Take Action for Injury Prevention 2017 | BMJ Injury Prevention

In his closing remarks to the 2016 World Safety conference, Professor Adnan Hyder encouraged delegates to “take action.” These words also weave through the Tampere Declaration which encourages a global commitment for stronger injury and violence prevention by integrating injury and violence prevention into other health and safety advocacy platforms.

Read more: Take Action for Injury Prevention 2017 | BMJ Injury Prevention

Trust her

Some days a strong synchronicity lingers in the air. Asking to be acknowledged, waiting for us to quieten and listen closely. Yet, too often, we turn away from this voice…’too busy’, we say, in an attempt to numb the resident shame.

So when a teacher presents a lesson in honouring that voice, in the form of your own past self…well, just sometimes the moment is magical enough to stop you in your tracks. And then you know that this is life saying: ‘I am not fucking around here…it is time to listen’

My gorgeous sister (a teacher, & my teacher in all senses of the word) recently shared a profound gift with me in the form of my own muse & creativity & deepest self : a poem that eleven year old me wrote. I don’t remember writing it, although it feels incredibly familiar to me. I had already been thinking about writing poetry again in the week before she sent it to me, so to receive this message from my sister now…well, a meaningful coincidence indeed.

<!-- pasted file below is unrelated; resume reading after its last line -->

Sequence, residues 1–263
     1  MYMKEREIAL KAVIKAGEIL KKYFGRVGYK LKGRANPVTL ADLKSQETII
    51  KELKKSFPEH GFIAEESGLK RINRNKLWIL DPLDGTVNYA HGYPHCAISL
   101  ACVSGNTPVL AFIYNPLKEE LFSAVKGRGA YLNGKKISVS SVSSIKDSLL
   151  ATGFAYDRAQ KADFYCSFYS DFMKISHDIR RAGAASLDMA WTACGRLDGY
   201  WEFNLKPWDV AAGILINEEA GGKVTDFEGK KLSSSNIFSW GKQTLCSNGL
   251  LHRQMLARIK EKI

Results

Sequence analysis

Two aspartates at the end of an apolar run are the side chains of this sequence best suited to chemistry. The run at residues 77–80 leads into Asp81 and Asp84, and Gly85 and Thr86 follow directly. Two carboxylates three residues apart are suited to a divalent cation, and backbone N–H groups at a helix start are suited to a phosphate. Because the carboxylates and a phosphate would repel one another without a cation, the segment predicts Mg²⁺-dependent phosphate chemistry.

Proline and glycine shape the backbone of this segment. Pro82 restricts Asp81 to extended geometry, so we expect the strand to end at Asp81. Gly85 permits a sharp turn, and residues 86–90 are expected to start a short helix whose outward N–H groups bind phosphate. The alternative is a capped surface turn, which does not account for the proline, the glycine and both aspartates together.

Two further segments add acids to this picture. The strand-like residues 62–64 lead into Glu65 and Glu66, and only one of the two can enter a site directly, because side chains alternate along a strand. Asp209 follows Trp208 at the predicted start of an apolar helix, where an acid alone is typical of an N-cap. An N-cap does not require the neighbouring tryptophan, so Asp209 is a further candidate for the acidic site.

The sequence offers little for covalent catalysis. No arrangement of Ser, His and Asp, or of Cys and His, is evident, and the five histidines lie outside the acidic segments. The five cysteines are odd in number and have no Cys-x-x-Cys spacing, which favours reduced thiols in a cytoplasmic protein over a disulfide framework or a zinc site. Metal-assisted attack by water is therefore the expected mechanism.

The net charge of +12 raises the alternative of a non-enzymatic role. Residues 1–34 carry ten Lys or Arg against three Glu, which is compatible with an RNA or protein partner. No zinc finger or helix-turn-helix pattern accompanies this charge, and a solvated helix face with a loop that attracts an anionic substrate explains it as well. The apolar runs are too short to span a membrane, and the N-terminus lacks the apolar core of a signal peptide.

Mother Nature

Mother Nature, who are you? 

Where are you?

What do you do?


I am the Mother of nature

I am in all plants around the world

And I create new plants for you.


Mother Nature you must be wise

And very, very clever

To think of Honeysuckles, Pansies and Poppies

And creating wonderful trees.


Oh, I am wise and clever, o child

But you are clever too

But only I have the power to

Create all plants and trees.

You must use your brain

To help mankind too

And never waste your time or fret

And only try a million times until you get

Your wonderful idea right instead.


Oh, Mother Nature, you are so kind

To help me not forget,

I have a purpose on this earth

And I have only one life,

I must use it well

And help all mankind too

Then I shall teach my children

The wise lesson you have taught me

When they ask this:


Mother Nature, who are you?

Where are you?

What do you do?


Thank you, Mother Nature!


(11 year old me)


Poetry requires no explanation, yet I felt a strong urge to write a response to this poem from current twenty-nine year old me. Likely, a different future me will need a reminder of this muse, this intuition, too.